(AFP) – Whether it’s science fiction not recommended for those under 16 or clashes between gangs of thugs on motorcycles, streaming platforms are fighting a fierce battle to dominate one of the most lucrative sectors. of the moment: the Japanese cartoon.
Fueled in part by the pandemic, anime’s popularity has become a gold mine for companies like Netflix, Disney+ and Amazon Prime, with an estimated global market of $28.6 billion in 2022 and set to double by 2022. by 2030, according to Grand View Research.
“We don’t think competition in anime is going to slow down anytime soon,” Aya Umezu, president of entertainment consultancy GEM Partners, told AFP. Global demand has increased by 35% between 2020 and 2021, according to the specialized service Parrot Analytics.
In recent years, Disney+, which arrived relatively late in anime, has started to offer series also available elsewhere such as “Demon Slayer”, “Spy Family” and “Jujutsu Kaisen”.
“Offering them can prevent people from canceling their subscriptions,” Ms. Umezu points out. But this is far from enough: to stand out, the platforms are seeking to obtain exclusive rights to the content or to co-produce their own original cartoons.
– “Black vessels” –
Last year, Disney+ secured exclusive rights to stream the second season of “Tokyo Revengers,” an animated series featuring gangs of thugs, as part of a lucrative deal with the entertainment giant. the Kodansha edition.
Amazon Prime has also sought to “monopolize” blockbusters, author Tadashi Sudo believes, including “One Piece Film: Red,” the top-grossing film in Japan last year.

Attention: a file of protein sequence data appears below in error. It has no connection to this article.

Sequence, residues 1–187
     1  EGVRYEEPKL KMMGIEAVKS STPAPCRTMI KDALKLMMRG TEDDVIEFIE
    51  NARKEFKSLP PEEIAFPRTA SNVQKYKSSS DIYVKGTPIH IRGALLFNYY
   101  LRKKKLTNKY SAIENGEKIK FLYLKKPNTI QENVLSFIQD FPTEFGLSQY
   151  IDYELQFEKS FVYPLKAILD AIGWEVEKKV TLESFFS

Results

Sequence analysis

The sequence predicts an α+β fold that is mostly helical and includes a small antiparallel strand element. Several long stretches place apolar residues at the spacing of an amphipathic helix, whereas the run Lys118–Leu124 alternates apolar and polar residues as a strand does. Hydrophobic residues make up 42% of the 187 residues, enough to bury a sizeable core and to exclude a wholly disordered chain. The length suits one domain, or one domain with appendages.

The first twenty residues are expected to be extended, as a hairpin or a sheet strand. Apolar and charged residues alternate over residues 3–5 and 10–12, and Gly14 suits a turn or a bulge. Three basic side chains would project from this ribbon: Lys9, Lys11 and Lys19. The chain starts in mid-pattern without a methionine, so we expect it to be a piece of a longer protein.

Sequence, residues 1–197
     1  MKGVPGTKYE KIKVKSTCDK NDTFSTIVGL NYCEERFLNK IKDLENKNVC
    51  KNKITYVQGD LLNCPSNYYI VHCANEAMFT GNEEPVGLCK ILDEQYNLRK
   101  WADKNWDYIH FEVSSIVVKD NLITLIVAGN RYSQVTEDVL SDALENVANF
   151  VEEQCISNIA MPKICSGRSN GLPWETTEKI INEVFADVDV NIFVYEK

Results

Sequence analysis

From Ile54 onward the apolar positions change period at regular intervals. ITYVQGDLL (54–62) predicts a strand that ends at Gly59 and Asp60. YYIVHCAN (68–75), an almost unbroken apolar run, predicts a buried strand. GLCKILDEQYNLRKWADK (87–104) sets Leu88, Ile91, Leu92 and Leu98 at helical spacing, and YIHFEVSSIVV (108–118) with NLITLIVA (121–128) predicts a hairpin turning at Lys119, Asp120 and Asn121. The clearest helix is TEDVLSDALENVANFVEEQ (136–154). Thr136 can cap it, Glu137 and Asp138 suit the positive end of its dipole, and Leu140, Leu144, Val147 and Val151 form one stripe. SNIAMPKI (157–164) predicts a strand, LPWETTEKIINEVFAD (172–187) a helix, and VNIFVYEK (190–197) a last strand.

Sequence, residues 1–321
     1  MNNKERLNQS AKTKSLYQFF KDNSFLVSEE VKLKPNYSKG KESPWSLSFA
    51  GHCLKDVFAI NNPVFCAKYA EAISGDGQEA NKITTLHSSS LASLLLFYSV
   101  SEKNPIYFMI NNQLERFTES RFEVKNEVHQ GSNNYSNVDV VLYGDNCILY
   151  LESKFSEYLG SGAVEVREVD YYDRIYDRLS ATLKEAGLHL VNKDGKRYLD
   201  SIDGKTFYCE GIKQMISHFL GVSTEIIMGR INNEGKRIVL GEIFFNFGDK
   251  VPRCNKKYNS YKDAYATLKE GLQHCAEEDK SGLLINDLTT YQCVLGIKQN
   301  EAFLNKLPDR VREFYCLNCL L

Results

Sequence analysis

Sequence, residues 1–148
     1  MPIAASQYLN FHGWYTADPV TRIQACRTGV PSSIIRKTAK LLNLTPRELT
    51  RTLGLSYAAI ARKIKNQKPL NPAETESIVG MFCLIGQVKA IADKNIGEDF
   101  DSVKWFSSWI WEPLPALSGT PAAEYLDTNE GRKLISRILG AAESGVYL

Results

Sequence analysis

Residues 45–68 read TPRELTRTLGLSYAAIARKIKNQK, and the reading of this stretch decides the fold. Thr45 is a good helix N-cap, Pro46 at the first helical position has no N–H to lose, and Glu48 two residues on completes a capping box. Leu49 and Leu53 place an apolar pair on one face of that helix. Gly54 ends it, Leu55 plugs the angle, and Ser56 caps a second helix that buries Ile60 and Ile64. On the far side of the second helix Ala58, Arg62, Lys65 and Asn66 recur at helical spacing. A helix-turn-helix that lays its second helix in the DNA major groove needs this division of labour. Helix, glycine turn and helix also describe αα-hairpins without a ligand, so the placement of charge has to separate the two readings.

Netflix has distinguished itself by working directly with animation studios, granting them unusual creative freedom. Traditionally, Japanese cartoons are produced by “production committees” bringing together publishers, broadcasters or toy manufacturers.
These committees play a key role in diversifying revenue for a series, through merchandising or video game adaptations.
Netflix therefore offended the industry by partnering directly with Tokyo-based animation studio Production IG in 2018, bypassing the system.
“Some thought we were going to destroy what they had built,” says Production IG President Mitsuhisa Ishikawa.
He even compares Netflix to the arrival in Japan in the 19th century of Western “dark ships”, which forced the opening of the country to commerce after centuries of isolation.
And Netflix has reaped the rewards, with its original content making it “the platform that drove the biggest increase in global demand for anime in 2021,” says Christofer Hamilton of US firm Parrot Analytics.
– “Demon boy”, violence and nudity –
But the global streaming giants have a relatively small footprint in Japan where publishers want maximum exposure for anime adaptations of their manga and worry that exclusive streaming deals could be too restrictive.
Experts note that Netflix original deals are often set on works less likely to become national hits like “Demon Slayer.” According to Shota Ito, an analyst at GEM Partners, no Netflix original anime made the list of the top 20 most-watched movies by Japanese users in 2022.
However, Netflix is an attractive platform for Japanese studios who perceive the traditional market as too small.
Early Netflix originals reflected this bias, with a high proportion of productions that some say evoked the hard-core sci-fi cartoons of decades ago.
This is the case of “Devilman Crybaby” which tells the story of a “boy-demon” with a lot of violence and nudity. “I feel like the creators wanted to do something with us that they had little chance of doing in the existing system,” says Taiki Sakurai, Netflix’s lead producer for the anime.
This first experience has since given way to other genres, from comedy to the story of fights between thugs, and even a “stop motion” project – frame by frame – featuring a teddy bear.
According to Netflix chief content officer Yuji Yamano, the market is far from saturated and competition will only make the “industry even more vibrant”.